In Uncategorized on 10/14/2016 at 16:57

Maybe He Even Reads My Blog

I’m delighted to see that Judge Lauber decides that a Power of Attorney (POA) is a piece of paper. The party designated to act for the principal in most of the uniform POAs I’ve seen is called the “agent.”

So Judge Lauber uses the correct terminology in Vincent J. Fumo, Docket No. 17754-13, filed 10/14/16; and for that I’ll even forgive him for not designating this order.

Vincent J. is in the unhappy situation of being about to depart the free world for durance vile. So he opens a joint bank account with his son, who soon proves the truth of the old adage about “sharper than a serpent’s tooth.”

Vincent J. pours nearly $1 million of his money in, and goes off to spend 61 months as a guest of a certain State.

“The powers granted to petitioner’s son, referred to in the POA as his ‘agent,’ included the powers to ‘draw and sign checks for me and in my name, including any accounts opened by my agent in my name at any bank or banks’; and to ‘prepare, sign and file tax returns of all kinds.’ Petitioner explicitly stated in the POA that ‘[m]y agent does not have the authority to make gifts.’ In accepting these powers, petitioner’s son promised: ‘I shall exercise the powers for the benefit of the principal’ and “I shall keep the assets of the principal separate from my assets.’” Order, at pp. 2-3.

You can guess the rest; son transfers money from joint account to a different bank from where the joint account was held, and uses some of the cash to buy real estate in his own name.

When Vincent J. breathes free air again, he sues son and they settle.

IRS, with breath-bereaving coolness, claims gift tax on everything above the annual exclusion, and slams Vincent J with a $300K deficiency.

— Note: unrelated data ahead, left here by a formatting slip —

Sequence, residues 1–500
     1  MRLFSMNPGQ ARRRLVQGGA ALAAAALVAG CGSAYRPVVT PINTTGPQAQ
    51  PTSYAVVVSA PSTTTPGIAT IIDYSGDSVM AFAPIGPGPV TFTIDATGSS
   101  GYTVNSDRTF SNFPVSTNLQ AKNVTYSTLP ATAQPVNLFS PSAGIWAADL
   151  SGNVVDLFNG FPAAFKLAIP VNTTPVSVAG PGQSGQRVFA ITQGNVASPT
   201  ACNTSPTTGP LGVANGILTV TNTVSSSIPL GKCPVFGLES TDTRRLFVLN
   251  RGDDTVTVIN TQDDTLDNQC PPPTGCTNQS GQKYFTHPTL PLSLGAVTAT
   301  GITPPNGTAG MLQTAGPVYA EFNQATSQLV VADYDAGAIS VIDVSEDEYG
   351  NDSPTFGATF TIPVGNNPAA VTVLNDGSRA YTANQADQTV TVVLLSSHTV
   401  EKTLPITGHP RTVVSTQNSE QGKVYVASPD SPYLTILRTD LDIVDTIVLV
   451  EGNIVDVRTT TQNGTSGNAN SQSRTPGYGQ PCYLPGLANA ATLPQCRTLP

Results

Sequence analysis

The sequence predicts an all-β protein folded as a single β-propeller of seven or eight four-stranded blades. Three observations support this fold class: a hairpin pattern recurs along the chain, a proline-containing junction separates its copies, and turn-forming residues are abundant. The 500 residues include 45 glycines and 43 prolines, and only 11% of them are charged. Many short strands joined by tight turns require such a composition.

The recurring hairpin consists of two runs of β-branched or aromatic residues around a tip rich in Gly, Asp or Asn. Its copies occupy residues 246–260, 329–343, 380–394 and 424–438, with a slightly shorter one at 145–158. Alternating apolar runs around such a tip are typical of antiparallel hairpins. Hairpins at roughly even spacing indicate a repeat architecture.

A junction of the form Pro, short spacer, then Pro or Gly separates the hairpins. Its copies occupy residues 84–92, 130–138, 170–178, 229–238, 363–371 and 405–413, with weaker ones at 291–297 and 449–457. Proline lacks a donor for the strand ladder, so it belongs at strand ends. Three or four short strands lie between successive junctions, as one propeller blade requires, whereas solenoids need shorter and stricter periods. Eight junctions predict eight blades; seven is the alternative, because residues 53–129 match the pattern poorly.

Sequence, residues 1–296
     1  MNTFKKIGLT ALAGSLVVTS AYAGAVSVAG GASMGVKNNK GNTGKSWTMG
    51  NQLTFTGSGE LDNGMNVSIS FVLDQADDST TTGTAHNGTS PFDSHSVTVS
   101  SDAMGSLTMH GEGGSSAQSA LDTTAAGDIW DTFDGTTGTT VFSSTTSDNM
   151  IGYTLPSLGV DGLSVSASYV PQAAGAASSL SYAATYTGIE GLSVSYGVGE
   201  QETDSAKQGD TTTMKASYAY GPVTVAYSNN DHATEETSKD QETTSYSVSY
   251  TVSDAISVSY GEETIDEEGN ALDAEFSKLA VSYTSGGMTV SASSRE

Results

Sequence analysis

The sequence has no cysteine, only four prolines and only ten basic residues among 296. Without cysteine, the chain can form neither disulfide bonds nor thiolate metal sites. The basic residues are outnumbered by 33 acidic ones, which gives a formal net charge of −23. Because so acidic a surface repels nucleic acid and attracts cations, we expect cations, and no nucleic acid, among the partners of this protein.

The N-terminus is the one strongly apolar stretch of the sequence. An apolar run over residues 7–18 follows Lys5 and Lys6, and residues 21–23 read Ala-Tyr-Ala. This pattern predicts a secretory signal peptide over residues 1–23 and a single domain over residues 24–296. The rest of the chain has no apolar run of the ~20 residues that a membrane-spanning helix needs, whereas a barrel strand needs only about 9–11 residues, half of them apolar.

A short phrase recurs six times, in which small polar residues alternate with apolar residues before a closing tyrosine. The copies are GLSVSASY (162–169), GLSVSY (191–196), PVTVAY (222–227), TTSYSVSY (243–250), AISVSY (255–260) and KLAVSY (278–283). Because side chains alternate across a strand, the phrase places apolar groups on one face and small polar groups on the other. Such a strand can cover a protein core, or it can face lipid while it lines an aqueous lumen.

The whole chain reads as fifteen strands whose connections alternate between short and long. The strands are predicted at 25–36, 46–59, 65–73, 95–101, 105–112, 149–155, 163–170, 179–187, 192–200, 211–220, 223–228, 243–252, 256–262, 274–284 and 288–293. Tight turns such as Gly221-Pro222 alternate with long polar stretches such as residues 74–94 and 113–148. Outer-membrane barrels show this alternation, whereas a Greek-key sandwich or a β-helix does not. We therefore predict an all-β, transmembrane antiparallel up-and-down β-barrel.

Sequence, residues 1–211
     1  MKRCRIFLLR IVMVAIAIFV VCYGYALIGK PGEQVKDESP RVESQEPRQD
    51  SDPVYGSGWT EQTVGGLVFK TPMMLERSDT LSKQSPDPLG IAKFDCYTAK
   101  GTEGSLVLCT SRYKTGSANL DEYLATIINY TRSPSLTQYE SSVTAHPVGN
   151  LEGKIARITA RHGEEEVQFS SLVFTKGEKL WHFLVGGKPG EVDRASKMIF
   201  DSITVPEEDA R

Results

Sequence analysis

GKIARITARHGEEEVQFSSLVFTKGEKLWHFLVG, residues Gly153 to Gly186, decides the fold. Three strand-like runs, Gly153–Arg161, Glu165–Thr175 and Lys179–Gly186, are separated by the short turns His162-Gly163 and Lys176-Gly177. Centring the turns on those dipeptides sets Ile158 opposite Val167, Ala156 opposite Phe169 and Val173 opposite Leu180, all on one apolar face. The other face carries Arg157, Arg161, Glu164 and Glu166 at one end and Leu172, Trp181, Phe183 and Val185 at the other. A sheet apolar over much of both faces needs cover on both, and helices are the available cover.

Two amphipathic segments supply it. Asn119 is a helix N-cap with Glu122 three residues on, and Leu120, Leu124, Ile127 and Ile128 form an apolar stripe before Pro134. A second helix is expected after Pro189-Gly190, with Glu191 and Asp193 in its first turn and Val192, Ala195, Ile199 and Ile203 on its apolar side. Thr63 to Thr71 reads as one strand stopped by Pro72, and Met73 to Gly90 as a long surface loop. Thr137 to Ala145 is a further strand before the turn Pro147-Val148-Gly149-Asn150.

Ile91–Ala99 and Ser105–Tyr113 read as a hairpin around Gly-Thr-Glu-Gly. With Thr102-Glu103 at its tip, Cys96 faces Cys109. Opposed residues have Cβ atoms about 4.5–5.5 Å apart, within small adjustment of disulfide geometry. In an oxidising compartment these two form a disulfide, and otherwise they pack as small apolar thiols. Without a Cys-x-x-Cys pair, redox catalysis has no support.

Now IRS wants summary J.

Might there be a question of fact or two? Judge Lauber thinks so.

“A gift is a transfer by a donor that is motivated by ‘a detached and disinterested generosity’ toward the donee. Commissioner v. Duberstein, 363 U.S. 278, 285 (1960). To determine whether a gift has been completed and is thus subject to gift tax, we must determine (among other things) whether the donor has parted with dominion and control over the property so as to leave him no power to change the disposition of the gift. Treas. Reg. § 25.2511-2(b).

“Several disputes of fact [sic; probably “several disputed facts”] must be resolved before we can determine whether the $920,000 transferred from [A] Bank account to the [B Bank] account constituted completed gifts from petitioner to his son. First, the record does not conclusively establish in whose name the [B Bank] account was titled. [Bank B] reported to petitioner the interest earned on that amount; this creates an inference that his name was listed on the account. As respondent recognizes, the transfer of money into a joint account does not, in and of itself, establish a completed gift to the other account-holder.

“Second, factual disputes exist as to whether petitioner intended to make a gift of $920,000 to his son. Petitioner’s son effected these transfers pursuant to the powers granted him by the POA. But the POA prohibited petitioner’s son, in his agency capacity, from making gifts. And petitioner’s son, in accepting his role as agent, pledged to keep petitioner’s assets separate from his own. By virtue of his imprisonment, petitioner lacked power to control the actions his son took pursuant to the POA. But the fact of imprisonment, without more, does not establish that petitioner made a gift to his son of the assets over which his son possessed fiduciary powers.” Order, at p. 3.(Names omitted).

The present uniform State law POA, which has a separate rider when gifts by the agent are to be permitted, owes much to New York’s Matter of Ferrara, 7 NY 3d 244 (2006).

Powers of Attorney may be only pieces of paper, but they can do a lot of damage.

  1. […] Taishoff, GOOD JOB, JUDGE LAUBER. “Powers of Attorney may be only pieces of paper, but they can do a lot of […]


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